Judge sets bail for lawyer charged in rape

Gary Zerola

SALEM — A Suffolk Superior Court judge has set bail for Salem lawyer Gary Zerola, paving the way for his potential release from custody while he awaits trial on rape charges in two separate cases. 

It was unclear if and when Zerola will come up with the additional $125,000 bail imposed by Judge Janet Sanders on Thursday afternoon, following a hearing where Zerola's lawyer said his client was all but broke, down to around $1,200 in his checking account. 

Zerola, said defense lawyer Joseph Kroswki, is "what sometimes we refer to as 'bachelor rich'" — the Salem condo where he lives is owned by a trust that is controlled by his brother, the Jeep Grand Cherokee Zerola drove now sold, most of the proceeds going to pay off the note on the vehicle. He had just 12 clients before his arrest and they — and their fees — are in the hands of other attorneys, said Krowski. 

That was in sharp contrast to the high rolling lifestyle depicted by prosecutor Ian Polumbaum, who had asked for a total of $200,000 bail for Zerola after Sanders denied his request to keep Zerola in custody without bail until trial. 

Polumbaum suggested that Zerola, 49, had access to thousands of dollars at a time, has been able to hire two of Boston's top private defense attorneys to represent him, and paid a $2,000 bar tab and a $300 dinner tab and handed out $50 tips on the night of the alleged incident in January. He also said the woman who introduced Zerola to the alleged victim in the case refers to him as her "sugar daddy." 

But the prosecutor went further, pointing to a phone call between Zerola, who has been held at the Nashua Street Jail, and someone, during which Zerola directed that person to go to his Salem condo, retrieve some money and give $5,000 to someone. 

Polumbaum also brought up a video that circulated online last fall in which, he said, Zerola tosses cash into a fire pit at Sidelines, a Salem restaurant, during a dispute with his server. 

"Wait a minute, what's that?" Sanders interjected, as Krowski objected to the prosecutor mentioning the incident.

Polumbaum also argued that the case against Zerola — the fifth such time he's faced sexual assault charges — is stronger than some of the prior cases that resulted in "not guilty" findings.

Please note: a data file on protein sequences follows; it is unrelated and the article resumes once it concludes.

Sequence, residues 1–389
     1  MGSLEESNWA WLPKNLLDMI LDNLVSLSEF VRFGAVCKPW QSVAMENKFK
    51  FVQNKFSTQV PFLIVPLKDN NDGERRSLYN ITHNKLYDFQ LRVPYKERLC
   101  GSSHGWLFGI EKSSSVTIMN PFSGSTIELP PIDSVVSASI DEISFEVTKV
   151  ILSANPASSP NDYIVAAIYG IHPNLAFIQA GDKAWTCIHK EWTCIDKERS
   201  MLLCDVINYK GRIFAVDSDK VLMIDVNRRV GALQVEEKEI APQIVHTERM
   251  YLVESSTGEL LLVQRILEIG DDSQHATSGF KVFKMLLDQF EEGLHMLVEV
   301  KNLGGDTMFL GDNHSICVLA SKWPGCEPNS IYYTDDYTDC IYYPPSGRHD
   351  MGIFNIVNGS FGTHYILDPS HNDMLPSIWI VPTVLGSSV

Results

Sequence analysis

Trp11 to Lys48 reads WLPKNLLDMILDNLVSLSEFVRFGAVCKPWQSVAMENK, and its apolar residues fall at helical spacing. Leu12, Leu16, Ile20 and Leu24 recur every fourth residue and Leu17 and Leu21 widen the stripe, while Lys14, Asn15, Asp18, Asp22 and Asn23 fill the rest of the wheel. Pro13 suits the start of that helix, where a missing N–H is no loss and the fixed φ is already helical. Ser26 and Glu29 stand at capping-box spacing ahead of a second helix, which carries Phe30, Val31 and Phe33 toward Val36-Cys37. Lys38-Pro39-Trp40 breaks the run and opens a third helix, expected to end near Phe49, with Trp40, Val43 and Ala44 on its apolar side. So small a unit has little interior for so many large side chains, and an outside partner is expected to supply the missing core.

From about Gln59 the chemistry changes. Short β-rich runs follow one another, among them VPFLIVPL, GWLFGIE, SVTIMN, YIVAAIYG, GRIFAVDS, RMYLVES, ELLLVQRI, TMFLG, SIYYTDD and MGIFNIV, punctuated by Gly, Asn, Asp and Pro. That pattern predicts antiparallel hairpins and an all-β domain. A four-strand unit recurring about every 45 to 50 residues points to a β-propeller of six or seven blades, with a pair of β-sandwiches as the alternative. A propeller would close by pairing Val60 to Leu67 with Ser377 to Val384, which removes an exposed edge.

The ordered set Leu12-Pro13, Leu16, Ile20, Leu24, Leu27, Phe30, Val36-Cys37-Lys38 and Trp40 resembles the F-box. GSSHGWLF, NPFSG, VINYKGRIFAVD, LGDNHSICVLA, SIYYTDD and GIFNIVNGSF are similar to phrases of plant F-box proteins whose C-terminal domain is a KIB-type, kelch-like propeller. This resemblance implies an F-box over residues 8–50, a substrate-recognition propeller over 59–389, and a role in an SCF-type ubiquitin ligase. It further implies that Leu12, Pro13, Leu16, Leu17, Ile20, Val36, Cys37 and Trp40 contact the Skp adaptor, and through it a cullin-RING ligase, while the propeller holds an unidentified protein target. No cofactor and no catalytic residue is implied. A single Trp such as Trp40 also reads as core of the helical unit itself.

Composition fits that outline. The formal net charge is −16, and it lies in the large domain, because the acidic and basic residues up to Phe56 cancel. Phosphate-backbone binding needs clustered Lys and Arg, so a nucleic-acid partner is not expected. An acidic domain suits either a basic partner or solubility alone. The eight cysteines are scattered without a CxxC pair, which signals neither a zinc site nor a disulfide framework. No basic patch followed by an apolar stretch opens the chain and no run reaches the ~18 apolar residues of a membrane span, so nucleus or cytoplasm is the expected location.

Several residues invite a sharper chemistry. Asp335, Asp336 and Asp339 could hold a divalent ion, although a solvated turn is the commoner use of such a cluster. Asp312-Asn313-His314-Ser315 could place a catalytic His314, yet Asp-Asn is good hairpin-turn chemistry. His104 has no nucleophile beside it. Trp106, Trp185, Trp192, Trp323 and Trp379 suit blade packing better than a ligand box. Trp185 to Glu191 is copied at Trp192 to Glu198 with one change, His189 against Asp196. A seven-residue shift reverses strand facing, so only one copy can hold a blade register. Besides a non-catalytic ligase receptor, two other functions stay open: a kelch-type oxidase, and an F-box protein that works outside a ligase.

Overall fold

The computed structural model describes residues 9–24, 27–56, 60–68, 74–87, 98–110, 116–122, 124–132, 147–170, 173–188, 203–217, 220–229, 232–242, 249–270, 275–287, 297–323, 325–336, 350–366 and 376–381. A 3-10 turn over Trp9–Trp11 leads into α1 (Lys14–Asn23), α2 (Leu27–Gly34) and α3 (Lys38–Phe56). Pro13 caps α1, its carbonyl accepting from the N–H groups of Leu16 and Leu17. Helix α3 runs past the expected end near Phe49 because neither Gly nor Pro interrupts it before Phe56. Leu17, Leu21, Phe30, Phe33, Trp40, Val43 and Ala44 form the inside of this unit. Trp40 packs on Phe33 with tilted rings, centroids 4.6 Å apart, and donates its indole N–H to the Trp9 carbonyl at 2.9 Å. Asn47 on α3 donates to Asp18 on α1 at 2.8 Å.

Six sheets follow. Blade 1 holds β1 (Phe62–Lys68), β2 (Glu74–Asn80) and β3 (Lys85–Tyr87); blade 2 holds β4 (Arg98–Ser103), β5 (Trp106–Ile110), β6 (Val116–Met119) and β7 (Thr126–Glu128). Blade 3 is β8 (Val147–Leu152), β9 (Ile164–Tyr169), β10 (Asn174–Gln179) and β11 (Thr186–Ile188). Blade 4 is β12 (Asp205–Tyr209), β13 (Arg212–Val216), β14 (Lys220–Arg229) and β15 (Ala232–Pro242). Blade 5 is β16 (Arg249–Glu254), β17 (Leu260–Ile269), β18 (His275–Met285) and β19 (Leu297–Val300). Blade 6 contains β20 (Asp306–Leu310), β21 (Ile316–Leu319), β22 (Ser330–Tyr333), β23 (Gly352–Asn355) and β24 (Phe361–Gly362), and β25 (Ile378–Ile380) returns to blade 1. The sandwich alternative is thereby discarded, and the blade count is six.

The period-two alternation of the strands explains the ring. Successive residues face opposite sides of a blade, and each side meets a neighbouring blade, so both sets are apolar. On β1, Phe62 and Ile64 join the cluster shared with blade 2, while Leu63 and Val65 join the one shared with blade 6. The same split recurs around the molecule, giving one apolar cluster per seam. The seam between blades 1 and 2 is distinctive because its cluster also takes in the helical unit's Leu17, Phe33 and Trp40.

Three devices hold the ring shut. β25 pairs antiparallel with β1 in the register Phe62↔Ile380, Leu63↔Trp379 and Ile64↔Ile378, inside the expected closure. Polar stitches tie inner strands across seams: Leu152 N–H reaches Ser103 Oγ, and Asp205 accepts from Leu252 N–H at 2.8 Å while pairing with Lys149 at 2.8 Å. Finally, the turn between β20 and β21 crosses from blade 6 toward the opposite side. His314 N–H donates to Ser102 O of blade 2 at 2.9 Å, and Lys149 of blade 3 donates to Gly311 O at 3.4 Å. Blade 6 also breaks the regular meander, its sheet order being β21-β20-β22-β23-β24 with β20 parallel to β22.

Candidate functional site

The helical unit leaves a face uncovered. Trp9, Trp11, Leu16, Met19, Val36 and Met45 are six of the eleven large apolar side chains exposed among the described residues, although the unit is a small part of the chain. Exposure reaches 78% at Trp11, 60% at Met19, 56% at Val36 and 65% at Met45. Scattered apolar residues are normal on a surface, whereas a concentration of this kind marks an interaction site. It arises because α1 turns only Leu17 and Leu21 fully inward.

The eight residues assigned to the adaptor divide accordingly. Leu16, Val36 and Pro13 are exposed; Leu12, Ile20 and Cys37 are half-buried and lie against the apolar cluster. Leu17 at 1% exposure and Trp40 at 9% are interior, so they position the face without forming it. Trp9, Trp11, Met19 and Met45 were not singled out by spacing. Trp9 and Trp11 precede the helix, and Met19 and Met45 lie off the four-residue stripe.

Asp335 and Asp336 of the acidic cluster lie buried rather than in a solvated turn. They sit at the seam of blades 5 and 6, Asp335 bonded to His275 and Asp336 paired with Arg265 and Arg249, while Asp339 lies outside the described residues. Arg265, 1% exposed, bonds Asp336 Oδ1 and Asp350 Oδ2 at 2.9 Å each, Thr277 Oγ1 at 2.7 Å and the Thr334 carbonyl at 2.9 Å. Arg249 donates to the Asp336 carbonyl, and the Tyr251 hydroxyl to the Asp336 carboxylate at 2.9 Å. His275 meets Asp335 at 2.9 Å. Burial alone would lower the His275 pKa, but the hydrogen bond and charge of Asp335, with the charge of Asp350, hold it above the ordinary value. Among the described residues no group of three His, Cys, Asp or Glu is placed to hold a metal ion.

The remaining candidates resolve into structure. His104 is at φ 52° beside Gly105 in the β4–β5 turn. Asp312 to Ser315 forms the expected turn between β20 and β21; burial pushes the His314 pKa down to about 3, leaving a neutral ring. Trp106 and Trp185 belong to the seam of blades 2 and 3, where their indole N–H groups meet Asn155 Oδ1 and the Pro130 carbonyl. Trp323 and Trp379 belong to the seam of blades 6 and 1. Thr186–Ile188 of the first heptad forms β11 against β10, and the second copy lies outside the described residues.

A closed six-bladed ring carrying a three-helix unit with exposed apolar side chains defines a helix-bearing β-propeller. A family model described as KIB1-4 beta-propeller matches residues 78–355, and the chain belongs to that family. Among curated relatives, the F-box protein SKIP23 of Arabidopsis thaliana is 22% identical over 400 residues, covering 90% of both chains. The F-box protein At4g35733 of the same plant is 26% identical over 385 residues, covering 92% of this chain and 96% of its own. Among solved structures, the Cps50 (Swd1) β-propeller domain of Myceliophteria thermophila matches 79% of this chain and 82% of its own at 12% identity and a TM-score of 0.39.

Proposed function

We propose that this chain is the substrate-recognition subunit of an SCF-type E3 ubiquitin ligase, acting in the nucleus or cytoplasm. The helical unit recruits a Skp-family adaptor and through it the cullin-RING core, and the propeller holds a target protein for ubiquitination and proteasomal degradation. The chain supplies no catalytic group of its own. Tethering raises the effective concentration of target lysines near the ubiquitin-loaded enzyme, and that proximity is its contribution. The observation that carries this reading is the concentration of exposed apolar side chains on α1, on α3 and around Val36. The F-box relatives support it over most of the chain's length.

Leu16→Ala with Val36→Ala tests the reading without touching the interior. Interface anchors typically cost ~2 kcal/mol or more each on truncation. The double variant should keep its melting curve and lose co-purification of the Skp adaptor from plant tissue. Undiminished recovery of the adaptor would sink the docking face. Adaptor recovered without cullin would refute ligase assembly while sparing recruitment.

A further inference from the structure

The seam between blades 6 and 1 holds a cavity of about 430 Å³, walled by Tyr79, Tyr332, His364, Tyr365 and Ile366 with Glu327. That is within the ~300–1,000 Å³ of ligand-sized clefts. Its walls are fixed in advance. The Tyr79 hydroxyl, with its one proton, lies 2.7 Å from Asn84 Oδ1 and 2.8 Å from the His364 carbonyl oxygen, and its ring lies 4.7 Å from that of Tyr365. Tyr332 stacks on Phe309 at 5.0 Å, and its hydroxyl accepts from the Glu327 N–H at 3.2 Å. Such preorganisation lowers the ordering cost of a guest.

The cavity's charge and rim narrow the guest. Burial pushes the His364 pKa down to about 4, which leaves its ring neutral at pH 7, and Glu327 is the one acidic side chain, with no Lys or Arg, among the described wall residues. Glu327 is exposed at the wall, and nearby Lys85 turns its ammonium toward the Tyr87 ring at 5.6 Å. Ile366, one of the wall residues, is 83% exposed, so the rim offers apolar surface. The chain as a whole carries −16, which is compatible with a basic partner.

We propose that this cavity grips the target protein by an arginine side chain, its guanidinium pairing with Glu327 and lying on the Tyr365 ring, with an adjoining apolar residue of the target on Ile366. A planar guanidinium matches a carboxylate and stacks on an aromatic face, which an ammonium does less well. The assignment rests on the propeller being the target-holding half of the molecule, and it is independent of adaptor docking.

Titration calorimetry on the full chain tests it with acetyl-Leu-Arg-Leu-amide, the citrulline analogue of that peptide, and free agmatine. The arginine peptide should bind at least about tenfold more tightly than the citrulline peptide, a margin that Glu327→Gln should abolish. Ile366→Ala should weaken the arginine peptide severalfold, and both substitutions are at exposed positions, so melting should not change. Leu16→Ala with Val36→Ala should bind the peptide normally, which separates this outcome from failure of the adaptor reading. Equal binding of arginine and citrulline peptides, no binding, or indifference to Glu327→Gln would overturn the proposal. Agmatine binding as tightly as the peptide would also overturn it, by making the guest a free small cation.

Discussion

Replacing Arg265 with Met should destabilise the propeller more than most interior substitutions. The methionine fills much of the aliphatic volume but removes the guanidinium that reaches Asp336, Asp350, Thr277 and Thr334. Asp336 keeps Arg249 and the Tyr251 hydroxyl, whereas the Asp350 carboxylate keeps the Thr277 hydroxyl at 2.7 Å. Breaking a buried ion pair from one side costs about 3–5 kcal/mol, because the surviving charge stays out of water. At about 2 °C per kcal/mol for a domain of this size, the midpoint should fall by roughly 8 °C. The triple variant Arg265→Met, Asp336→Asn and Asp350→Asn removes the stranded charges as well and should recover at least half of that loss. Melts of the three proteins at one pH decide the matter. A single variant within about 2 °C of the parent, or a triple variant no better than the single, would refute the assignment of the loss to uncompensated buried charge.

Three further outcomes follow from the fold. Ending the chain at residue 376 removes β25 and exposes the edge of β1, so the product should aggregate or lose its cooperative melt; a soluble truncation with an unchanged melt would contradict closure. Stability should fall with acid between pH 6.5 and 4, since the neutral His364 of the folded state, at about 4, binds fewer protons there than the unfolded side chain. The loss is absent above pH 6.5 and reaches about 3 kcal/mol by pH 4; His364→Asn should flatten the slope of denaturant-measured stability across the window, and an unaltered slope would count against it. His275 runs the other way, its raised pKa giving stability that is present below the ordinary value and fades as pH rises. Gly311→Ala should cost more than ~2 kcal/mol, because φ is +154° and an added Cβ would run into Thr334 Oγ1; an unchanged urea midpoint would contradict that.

He also called Zerola a flight risk, recounting how Zerola arrived home to the Salem condo, saw police outside, and left, stopped using his cell phone, and parked his SUV in Lynn. He did eventually turn himself in several days later.

"I do have some grave concerns here as to risk of flight," Sanders said during the hearing, saying she too saw significant incentive for Zerola to flee. 

Sanders set bail at $100,000 on the new case, and increased Zerola's bail in his 2016 rape case from $10,000, which he had posted previously, to $35,000. 

If he makes that bail, he'll remain confined to his condo, located in a development off Swampscott Road, monitored by both a GPS bracelet and an alcohol test device. He was ordered not to use any drugs or alcohol, and his passport must stay in the custody of the court. 

Sanders also added a condition that any female visitors not related to him, except for his other attorney, Rosemary Scapicchio, who visit his condo must be identified to a probation officer prior to the visit. 

A pretrial hearing is scheduled for April 22, but if Zerola comes up with the bail money, he will be brought into court sooner than that to be fitted with the GPS bracelet before he's released, Sanders ordered. 

Courts reporter Julie Manganis can be reached at 978-338-2521,  jmanganis@gloucestertimes.com or on Twitter at @SNJulieManganis. 

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